Puerto Rico Legislature sends education reform to governor’s desk for enactment
SAN JUAN — In less than a minute, the Puerto Rico House of Representatives concurred Tuesday with the numerous amendments the Senate made to the education reform bill Monday, thus the proposal of more than 200 pages only requires the signature of Gov. Ricardo Rosselló for enactment.
With empty galleries and after more than two hours of debate, Puerto Rico’s Senate passed education reform Monday with 19 votes in favor and many amendments, which in some cases clashed with the version passed in the House last week.
On Tuesday, the governor met with House Speaker Carlos “Johnny” Méndez; the chairman of the Education Commission, Rep. Guillermo Miranda and Rep. María Milagros Charbonier to ensure passage of his proposal.
One of the amendments concerns the much-debated charter schools. In the Senate’s version, charter schools will be known as Public Alliance Schools, addressing concern among some sectors that denounced the reform sought to privatize the public learning system.
Likewise, the upper chamber amended the 208-page bill to establish that charter schools “will not charge costs or enrollment.” The original language read that the charter schools, which would not make up more than 10 percent of the school system, “should not” charge their students.
Before the beginning of the debate, Senate President Thomas Rivera Schatz introduced eight amendments to protect teachers’ rights, one of which provides that the Education secretary “in no case can affect teachers’ rights.”
“The rights acquired by teachers, prior to the approval of this law, shall be guaranteed by the department secretary and the Government of Puerto Rico. Specifically, those that address their tenure and retirement,” one of the changes reads.
A new article adds that “every newly hired teacher in the public education system will have federal Social Security as part of their compensation and benefits.”
“For the teachers in the system when this law takes effect, the secretary will have one year to carry out the mandatory referendum, which must be based on the benefit of the teacher and year of service, to include them in the Social Security System. Were this referendum to obtain a majority in favor, we will proceed to separate, allocate and obligate the funds for its financing in an additional period of one year,” the article reads.
The Senate president also eliminated the disposition that allowed the Education Department to establish collaborative agreements with towns, or Public-Private Partnerships, for school grounds maintenance.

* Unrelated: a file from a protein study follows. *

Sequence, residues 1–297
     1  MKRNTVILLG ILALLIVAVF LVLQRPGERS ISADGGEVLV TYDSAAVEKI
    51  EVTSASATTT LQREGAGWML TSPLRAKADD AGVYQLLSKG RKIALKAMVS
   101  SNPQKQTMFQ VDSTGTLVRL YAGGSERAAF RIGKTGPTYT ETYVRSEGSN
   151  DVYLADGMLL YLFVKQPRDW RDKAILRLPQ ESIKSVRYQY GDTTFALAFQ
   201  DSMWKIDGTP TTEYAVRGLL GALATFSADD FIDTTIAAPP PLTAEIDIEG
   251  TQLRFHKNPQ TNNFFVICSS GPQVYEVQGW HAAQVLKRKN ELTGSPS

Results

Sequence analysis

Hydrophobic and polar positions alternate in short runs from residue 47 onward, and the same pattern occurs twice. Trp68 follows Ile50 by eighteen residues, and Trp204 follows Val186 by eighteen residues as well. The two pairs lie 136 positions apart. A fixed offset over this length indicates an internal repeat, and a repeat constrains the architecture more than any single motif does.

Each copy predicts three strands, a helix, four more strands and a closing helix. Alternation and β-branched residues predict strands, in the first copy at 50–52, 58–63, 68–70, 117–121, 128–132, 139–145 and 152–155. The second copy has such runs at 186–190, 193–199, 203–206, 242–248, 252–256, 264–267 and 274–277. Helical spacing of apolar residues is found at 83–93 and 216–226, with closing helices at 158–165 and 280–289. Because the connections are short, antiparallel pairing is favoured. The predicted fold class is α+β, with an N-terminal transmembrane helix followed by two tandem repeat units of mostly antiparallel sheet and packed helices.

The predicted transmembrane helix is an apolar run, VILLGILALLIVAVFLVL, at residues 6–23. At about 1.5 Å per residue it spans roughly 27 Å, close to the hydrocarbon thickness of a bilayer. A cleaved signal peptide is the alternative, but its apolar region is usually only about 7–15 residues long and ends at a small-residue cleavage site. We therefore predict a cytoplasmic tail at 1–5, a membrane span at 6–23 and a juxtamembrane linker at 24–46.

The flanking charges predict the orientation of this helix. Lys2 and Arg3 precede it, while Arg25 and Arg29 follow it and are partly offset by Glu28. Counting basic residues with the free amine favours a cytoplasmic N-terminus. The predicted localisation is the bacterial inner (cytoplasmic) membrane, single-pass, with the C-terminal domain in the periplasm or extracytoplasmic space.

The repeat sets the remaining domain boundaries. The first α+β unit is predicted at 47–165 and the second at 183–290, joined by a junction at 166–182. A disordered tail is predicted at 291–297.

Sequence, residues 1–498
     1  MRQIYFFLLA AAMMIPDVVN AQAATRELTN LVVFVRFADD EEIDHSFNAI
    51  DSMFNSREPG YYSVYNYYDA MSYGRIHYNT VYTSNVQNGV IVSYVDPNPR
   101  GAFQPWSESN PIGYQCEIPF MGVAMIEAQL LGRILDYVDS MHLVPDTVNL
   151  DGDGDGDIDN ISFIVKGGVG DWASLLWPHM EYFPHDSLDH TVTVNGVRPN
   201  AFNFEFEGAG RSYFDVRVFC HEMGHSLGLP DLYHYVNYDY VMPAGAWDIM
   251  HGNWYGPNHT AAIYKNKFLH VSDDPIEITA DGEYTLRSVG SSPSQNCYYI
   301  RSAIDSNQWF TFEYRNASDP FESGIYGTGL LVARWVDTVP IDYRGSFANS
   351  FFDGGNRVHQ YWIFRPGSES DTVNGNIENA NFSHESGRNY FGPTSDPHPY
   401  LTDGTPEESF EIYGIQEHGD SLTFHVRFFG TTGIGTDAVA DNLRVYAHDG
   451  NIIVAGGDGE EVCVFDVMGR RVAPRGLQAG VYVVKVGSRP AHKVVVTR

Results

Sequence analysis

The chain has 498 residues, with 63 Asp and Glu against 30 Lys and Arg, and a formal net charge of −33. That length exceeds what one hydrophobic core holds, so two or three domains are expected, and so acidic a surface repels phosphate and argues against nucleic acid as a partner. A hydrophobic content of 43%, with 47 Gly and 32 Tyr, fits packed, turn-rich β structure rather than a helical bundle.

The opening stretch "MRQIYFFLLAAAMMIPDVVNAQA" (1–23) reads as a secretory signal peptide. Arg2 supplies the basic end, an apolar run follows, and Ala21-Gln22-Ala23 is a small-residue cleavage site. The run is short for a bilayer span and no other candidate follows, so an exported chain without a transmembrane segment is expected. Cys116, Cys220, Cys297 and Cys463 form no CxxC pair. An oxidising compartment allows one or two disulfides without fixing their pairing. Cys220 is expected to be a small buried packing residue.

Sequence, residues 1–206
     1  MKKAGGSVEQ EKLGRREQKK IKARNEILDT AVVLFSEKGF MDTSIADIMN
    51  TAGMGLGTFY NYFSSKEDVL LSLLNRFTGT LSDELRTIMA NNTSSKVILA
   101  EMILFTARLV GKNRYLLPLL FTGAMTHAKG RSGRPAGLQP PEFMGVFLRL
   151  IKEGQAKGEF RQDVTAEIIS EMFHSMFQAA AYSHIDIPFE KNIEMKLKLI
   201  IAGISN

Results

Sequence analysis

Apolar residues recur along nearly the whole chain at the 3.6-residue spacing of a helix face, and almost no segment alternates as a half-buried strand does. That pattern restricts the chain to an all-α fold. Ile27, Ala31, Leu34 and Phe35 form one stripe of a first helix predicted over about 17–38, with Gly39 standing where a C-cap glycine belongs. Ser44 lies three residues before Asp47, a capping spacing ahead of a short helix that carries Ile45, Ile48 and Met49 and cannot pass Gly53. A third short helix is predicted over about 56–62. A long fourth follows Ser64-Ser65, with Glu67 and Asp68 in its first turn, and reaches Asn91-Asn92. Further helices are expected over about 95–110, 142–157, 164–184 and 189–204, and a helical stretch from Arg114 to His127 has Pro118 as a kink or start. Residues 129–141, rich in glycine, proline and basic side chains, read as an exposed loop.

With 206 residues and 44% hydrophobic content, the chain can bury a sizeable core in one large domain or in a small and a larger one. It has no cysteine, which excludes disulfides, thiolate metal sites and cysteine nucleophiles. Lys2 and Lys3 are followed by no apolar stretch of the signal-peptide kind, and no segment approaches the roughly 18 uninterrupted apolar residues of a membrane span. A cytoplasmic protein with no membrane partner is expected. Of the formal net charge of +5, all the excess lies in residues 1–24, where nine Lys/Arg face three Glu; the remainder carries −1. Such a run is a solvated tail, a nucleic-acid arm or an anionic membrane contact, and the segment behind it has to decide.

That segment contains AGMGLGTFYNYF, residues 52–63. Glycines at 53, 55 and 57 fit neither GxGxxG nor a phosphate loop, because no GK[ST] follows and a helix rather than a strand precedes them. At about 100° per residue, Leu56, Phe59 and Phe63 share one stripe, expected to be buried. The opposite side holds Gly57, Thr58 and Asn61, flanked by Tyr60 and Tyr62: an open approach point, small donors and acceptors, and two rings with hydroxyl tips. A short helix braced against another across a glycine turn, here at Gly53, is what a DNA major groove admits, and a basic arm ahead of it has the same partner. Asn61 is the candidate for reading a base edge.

The Education secretary—in this case, Julia Keleher—will also establish the Drug- and Gun-Free School Program, a bill authored by Rivera Schatz that was enacted in November. The secretary will also “have the obligation of implementing sign-language courses at the elementary, middle and high school levels in the curriculum.”
“No educational reform can obviate or treat teachers’ rights lightly,” Rivera Schatz said, “It must remain clear that no teacher here will lose their rights. None. That is fundamental to this legislative assembly.”
It was also decreed that educational vouchers—declared unconstitutional more than 20 years ago—may only be offered to 3 percent of the total number of students. The original bill provided that this percentage would increase to 5 percent in the fiscal year 2020.
Popular Democratic Party (PDP) minority Sen. Aníbal José Torres said he would have preferred the matter to be considered in a separate bill. He also sees it as a “contradiction,” because he does not understand how the power to run schools can be given to nonprofit institutions while vouchers are given for students to switch to private schools.
Other amendments to the administration-drafted bill include the elimination of a provision that allowed Education to seek public-private partnerships to provide cafeteria and transportation services, as well as the elimination of the article that included sex education courses.
Despite voting in favor of the bill, Sen. Zoé Laboy criticized the elimination of sex education, arguing that these courses could help the youth prevent teenage pregnancies.
The chairman of the Commission on Education and University Reform of the Senate, Abel Nazario Quiñones, indicated that the total number of content amendments amounts to 16. The rest of the amendments to the document were made to its drafting style.
Education secretary’s powers criticized
The Senate amended the definition of “Authorizer” to delimit that only the secretary of Education will have the authority to certify and approve the Certified Educational Entities that will operate the charter schools, thus eliminating the House amendment that allowed an advisory committee of the secretary to grant Constitutive Letters.
In response to that and Keleher’s power to grant the educational vouchers, Puerto Rican Independence Party (PIP) Sen. Juan Dalmau criticized that the secretary was given too much power after she granted a contract of more than $16 million to teach values in schools.
“The person who will be in charge of the execution and authority provided by this bill is the Education secretary, whose execution we have recently seen,” Dalmau said, adding he would vote against the bill.
He further said the island’s public education system lost its academic value by becoming a “bureaucratic monster” that, for decades, has seen a decline in enrollment and cases of embezzlement and corruption.
The Senate required 16 votes to pass the measure. Nineteen votes were in favor—three of which were from the PDP delegation’s Eduardo Bhatia, José Nadal Power and Torres—eight votes against and one abstention.
The Senate amendments to educational reform’s H.B. 1441 will be considered by the House. If the lower chamber does not concur with the amendments, the bill will go to a conference committee where legislators from both bodies will decide its final content.